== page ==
Bill McKechnie (August 7, 1886 - October 29, 1965) was a Major League Baseball player and manager. Nicknamed "Deacon" because he sang in his church choir and generally lived a quiet life, his 1892 wins as a manager ranks 11th all-time.
Born in Wilkinsburg, Pennsylvania, McKechnie made his major league debut in 1907 with the Pittsburgh Pirates, appearing in 3 games, before reemerging with the team in 1910 in a more substantial role. A utility infielder, McKechnie played with the Pirates (1907, 1910-1912, 1918, 1920), Boston Braves (1913), New York Yankees (1913), Indianapolis Hoosiers (1914), Newark Peppers (1915), New York Giants (1916) and Cincinnati Reds (1916 - 1917). His best offensive season came in 1914 with the Hoosiers, in which he scored 107 runs, batted .304 and stole 47 bases.
McKechnie got his first taste of managerial duties in 1915 when he managed 102 games for the Newark Pepper, leading the team to a 54-45 record. Shortly after retiring as a player in 1920, McKechnie returned to manage full time, assuming the helm of the Pirates in 1922. Managing the Pirates (1922 - 1926), St. Louis Cardinals (1928 - 1929), Boston Braves (1930 - 1937) and Cincinnati Reds (1938 - 1946), he compiled 1896 wins and 1723 losses for a .524 winning percentage. His teams won four National League pennants (1925, 1928, 1939 and 1940) and two World Series championships (1925 and 1940), and he remains the only manager to win National League pennants with three different teams (Pittsburgh, St. Louis and Cincinnati). His 1896 wins ranks 11th all-time among major league managers.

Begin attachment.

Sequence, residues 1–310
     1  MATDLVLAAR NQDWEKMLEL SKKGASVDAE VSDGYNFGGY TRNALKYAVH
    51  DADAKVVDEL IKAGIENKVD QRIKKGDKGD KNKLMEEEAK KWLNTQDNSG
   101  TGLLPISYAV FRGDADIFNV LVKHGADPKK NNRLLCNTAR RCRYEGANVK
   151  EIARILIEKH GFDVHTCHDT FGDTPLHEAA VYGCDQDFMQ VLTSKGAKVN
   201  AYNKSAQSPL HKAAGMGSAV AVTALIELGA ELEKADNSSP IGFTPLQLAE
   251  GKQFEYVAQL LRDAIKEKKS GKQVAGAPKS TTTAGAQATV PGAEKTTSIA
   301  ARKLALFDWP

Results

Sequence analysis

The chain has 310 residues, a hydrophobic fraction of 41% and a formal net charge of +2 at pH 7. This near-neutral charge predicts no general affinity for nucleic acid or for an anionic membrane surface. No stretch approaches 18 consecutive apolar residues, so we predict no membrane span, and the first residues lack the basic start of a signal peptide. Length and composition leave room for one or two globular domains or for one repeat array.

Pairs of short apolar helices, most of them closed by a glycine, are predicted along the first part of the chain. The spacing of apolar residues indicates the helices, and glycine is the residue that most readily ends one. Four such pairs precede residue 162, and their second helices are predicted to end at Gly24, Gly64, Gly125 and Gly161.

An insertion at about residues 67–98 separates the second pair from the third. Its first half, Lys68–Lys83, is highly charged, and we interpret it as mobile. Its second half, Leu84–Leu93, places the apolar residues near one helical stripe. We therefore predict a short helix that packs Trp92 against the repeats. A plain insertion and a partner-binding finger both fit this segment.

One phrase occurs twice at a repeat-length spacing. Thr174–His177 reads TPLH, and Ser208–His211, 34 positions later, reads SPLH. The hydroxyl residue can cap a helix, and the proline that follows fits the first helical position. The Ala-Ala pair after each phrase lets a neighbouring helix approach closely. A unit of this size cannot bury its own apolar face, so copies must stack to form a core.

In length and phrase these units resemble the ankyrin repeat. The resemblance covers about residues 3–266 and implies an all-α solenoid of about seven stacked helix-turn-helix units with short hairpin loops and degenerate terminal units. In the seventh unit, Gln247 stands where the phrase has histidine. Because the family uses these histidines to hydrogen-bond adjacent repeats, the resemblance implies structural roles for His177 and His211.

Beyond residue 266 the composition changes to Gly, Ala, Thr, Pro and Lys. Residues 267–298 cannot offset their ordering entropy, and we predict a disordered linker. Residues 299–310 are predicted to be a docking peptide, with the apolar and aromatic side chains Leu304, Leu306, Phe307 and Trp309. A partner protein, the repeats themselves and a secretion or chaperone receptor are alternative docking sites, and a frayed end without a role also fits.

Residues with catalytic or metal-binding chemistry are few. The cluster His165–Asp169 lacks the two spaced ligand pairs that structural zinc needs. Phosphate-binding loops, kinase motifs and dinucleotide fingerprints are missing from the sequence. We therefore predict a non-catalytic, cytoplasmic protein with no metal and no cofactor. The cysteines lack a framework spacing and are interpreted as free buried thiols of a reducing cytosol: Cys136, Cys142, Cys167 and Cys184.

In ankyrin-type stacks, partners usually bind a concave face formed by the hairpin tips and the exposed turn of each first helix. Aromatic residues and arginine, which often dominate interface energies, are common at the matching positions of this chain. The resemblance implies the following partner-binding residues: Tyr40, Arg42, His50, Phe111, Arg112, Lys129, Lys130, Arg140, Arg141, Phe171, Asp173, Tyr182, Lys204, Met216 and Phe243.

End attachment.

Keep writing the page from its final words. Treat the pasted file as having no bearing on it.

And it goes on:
McKechnie was inducted into the Baseball Hall of Fame in 1962. He was inducted into the Cincinnati Reds Hall of Fame in 1967.
The Pirates spring training home, McKechnie Field in Bradenton, Florida, is named after him.